|The EPA is making criminals of decent people|
who simply want to warm themselves in the winter.
Yes and yes.
The first is an exaggeration that compelled the EPA to ban most wood burning stoves.
Liberty-minded Americans who wish to escape the insanity of encroaching government long to live on land that is grid free.
Government agents, on the other hand, aggressively seek ways to abuse their authority to tether us to their control base and, in so doing, make criminals of decent people who simply want to warm themselves.
The second is an exaggeration by me to demonstrate logic likely to justify the EPA'S idiocy.
White folks who live off the grid are racists. How so? Their homes in the hills are actually sanctuaries from 'people of color.' They are white segregationists who live outside the ever-present spotlight of political correctness and cultural Marxism. I'm be facetious, of course, but not by much. Keep in mind such silly logic was used to consign peanut-butter-and-jelly sandwiches to the long list of white-racist behavior.
Here's the report from our source, Newsmax.com
The Environmental Protection Agency recently imposed restrictions on wood-burning stoves that will deal a blow to rural Americans who rely on wood to heat their homes.
Critics charge that the rule changes were enacted following pressure from environmental groups.
The EPA tightened restrictions in January on the level of fine airborne particulate emissions that wood-burning stoves can emit, from 15 micrograms per cubic meter to a maximum of 12 micrograms.
The EPA restrictions would ban the production and sale of the kinds of wood-burning stoves that compose 80 percent of those currently in use in the United States, Forbes reported.
"Although this is an ancient technology, it can provide a solution for high heating costs in many parts of the country," Laura Huggins, a research fellow for both the Hoover Institution and the Property and Environment Research Center, told Newsmax.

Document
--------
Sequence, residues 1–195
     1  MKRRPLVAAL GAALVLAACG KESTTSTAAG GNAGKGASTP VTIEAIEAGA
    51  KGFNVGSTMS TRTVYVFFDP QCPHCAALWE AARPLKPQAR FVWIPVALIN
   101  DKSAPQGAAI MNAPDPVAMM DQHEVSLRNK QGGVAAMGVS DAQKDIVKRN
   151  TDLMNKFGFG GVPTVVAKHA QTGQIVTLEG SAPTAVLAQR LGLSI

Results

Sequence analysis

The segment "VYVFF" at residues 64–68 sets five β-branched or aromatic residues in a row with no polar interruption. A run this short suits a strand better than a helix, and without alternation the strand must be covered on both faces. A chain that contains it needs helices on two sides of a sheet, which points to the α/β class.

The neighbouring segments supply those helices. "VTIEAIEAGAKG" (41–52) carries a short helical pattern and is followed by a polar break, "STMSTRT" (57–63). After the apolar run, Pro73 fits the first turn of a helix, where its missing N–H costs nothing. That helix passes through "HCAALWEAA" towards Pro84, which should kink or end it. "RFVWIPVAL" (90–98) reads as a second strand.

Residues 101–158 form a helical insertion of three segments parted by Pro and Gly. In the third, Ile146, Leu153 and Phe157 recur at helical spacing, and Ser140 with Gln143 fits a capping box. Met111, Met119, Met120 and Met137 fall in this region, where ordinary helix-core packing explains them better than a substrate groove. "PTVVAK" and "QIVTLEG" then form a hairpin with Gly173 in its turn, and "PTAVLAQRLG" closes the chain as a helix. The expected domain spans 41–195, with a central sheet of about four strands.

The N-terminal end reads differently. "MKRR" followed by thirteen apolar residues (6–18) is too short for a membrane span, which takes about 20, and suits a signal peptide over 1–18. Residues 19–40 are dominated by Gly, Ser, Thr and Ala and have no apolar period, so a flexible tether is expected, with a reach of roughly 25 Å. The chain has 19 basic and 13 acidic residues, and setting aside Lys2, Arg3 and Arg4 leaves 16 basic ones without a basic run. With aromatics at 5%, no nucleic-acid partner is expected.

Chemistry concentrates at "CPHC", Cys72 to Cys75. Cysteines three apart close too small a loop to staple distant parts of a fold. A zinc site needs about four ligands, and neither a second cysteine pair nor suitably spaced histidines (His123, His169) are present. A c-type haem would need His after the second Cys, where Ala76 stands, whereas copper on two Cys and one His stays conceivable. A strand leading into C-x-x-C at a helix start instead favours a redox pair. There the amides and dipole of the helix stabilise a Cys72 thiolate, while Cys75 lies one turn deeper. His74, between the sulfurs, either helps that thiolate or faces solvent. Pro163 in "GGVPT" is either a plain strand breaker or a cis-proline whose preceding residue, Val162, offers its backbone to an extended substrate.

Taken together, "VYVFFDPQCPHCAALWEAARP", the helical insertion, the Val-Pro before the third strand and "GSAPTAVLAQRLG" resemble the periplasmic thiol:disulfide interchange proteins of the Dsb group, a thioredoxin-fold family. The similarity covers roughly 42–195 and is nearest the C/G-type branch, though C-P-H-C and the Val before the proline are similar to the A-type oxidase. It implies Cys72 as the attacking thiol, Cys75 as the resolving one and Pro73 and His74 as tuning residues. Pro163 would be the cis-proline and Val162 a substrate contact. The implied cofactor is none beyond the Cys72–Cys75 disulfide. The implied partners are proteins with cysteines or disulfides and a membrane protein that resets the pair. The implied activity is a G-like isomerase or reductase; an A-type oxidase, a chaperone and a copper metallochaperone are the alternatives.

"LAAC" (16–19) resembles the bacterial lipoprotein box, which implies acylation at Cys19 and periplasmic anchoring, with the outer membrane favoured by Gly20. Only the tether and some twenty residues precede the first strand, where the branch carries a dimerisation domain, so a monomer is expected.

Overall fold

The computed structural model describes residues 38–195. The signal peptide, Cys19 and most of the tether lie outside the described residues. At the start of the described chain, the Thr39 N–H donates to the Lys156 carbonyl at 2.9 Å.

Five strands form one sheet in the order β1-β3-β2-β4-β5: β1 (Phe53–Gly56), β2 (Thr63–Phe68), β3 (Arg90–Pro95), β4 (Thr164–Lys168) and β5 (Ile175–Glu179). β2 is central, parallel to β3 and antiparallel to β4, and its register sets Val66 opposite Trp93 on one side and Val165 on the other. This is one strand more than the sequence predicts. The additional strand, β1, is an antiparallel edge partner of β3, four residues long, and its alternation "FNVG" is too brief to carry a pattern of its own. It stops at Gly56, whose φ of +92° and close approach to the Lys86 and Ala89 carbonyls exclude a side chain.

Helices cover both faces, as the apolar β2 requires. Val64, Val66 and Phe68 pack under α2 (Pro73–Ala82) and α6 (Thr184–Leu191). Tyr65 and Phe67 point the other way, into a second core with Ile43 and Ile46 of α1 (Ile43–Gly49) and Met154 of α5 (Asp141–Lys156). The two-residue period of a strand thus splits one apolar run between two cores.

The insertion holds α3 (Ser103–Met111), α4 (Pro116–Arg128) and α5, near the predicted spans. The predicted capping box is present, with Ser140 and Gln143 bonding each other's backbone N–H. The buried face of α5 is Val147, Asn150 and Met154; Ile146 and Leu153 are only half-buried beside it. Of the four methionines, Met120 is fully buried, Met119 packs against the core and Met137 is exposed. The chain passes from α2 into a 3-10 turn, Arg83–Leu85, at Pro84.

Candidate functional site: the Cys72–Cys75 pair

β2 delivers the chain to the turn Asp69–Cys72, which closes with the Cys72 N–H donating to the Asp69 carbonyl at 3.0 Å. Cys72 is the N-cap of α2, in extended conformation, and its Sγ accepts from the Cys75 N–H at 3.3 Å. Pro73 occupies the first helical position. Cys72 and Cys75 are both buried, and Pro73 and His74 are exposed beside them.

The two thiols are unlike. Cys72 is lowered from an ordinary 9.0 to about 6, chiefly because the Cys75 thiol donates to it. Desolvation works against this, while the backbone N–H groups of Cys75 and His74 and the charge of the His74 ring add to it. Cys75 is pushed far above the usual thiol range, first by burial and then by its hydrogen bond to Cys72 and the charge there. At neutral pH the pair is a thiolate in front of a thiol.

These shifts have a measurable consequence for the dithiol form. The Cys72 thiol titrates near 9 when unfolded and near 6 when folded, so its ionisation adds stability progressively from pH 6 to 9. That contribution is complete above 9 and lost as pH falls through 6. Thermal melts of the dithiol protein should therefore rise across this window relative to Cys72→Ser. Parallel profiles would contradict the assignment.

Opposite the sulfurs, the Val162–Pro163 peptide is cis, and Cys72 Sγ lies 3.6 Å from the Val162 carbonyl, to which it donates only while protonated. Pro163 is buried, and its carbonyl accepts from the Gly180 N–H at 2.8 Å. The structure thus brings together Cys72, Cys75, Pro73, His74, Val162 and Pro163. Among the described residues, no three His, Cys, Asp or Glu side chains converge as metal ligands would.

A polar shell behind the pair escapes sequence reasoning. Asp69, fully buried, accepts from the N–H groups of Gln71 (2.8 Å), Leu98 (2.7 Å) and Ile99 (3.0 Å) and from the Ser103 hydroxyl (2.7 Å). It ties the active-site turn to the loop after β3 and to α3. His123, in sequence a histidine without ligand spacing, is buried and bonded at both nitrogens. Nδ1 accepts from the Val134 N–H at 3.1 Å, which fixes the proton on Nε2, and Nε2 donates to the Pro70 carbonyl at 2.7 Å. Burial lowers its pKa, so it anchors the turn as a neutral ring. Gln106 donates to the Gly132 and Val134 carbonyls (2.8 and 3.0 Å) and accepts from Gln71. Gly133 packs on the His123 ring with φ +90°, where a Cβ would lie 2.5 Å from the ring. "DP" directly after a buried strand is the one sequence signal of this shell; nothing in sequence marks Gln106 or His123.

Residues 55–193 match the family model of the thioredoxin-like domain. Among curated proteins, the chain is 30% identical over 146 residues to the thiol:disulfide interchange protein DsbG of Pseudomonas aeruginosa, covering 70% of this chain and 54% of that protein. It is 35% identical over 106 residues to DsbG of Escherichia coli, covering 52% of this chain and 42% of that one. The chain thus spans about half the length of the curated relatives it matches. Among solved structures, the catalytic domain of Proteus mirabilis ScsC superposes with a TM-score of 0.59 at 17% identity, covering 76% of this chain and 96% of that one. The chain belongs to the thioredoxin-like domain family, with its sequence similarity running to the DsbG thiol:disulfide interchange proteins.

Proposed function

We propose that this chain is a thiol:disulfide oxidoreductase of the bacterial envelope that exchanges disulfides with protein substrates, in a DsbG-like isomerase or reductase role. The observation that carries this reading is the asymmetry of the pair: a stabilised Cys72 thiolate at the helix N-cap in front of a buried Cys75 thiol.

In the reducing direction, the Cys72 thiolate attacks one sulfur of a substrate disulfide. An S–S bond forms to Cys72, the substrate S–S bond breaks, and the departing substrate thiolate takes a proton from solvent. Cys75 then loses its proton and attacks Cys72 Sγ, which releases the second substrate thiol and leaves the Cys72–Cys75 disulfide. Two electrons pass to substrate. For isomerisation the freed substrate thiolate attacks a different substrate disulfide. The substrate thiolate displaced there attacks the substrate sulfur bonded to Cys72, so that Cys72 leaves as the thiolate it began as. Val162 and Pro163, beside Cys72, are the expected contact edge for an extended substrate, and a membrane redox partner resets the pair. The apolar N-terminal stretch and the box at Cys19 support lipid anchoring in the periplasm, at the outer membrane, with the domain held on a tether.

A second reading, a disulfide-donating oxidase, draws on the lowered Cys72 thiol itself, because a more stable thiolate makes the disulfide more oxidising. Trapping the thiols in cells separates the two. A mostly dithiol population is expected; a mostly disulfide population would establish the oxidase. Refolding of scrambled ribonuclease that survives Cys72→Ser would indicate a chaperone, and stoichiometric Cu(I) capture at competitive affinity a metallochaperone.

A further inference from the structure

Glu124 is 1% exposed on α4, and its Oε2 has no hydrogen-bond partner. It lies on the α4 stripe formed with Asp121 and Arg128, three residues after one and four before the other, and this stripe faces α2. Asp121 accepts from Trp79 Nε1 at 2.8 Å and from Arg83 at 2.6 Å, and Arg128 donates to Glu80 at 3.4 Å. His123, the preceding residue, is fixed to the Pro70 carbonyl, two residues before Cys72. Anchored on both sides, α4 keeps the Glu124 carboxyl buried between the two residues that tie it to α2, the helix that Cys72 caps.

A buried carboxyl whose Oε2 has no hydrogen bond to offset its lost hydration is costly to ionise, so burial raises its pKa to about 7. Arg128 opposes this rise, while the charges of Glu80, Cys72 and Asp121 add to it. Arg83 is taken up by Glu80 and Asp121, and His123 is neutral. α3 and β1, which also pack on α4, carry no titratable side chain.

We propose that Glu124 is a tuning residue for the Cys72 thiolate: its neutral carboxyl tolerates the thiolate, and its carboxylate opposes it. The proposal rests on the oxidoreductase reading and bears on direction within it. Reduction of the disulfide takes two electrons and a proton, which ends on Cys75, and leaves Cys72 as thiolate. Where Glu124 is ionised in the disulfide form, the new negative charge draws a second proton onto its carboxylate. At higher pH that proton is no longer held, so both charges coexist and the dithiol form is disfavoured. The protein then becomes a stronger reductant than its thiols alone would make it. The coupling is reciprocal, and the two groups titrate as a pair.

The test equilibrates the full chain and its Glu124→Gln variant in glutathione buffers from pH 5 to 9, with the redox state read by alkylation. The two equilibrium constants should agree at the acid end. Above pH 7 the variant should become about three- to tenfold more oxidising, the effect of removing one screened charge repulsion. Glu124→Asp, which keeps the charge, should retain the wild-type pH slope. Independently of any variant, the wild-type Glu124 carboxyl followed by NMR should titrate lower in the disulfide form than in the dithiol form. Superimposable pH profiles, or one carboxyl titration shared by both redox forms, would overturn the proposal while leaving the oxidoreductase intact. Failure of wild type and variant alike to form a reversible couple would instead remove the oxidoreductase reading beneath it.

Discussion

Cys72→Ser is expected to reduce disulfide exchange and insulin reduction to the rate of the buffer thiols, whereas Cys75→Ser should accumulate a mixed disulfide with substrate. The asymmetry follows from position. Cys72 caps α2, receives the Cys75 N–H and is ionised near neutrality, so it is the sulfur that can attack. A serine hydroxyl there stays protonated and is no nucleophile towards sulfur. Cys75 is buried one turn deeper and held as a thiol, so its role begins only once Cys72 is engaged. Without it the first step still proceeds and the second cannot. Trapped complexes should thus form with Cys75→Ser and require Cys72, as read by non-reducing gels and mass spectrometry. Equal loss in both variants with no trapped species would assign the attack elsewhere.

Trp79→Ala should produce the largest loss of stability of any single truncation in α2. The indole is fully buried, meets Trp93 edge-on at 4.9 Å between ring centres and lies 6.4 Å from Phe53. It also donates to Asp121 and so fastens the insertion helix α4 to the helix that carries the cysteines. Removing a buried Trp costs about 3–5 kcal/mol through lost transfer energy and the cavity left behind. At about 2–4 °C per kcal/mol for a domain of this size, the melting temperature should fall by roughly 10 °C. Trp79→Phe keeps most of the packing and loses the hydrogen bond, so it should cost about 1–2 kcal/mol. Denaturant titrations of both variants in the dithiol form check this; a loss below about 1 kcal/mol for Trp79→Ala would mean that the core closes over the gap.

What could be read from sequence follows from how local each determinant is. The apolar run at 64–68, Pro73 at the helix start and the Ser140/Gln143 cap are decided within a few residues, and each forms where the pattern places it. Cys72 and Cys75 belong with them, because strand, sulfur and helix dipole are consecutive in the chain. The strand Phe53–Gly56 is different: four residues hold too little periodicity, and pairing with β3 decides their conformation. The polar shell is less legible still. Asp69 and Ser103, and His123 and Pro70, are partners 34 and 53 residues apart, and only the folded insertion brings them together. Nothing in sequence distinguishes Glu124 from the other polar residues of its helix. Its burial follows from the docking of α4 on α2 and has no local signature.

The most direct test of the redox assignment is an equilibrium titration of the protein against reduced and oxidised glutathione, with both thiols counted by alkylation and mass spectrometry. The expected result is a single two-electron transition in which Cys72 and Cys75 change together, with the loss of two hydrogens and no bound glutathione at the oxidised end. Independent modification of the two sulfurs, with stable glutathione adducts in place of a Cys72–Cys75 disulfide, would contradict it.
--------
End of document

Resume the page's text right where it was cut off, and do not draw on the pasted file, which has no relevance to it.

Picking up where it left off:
"With up to one-third of this country's energy consumption used for heating, policymakers would be wise to consider the benefits of wood as a heat source," Huggins said.
In the face of tightening economies and rising heating costs, more Americans have been turning to cheaper, archaic sources for heat, especially those in poorer areas.
The number of households heating with wood grew 34 percent from 2000 to 2010, with 2.4 million homes, or 2.1 percent of U.S. housing units, using wood as their primary heating source, according to the U.S. Census Bureau. Nearly 10 million additional homes use wood to supplement their primary heat source, the U.S. Energy Information Administration disclosed.
Huggins said environmentalists should cheer the use of this energy source.
"Fuel for wood heating is a renewable resource, and under the right circumstances can be local and sustainable," Huggins said.
But pressure from environmental groups has been responsible for many of the EPA rule changes.
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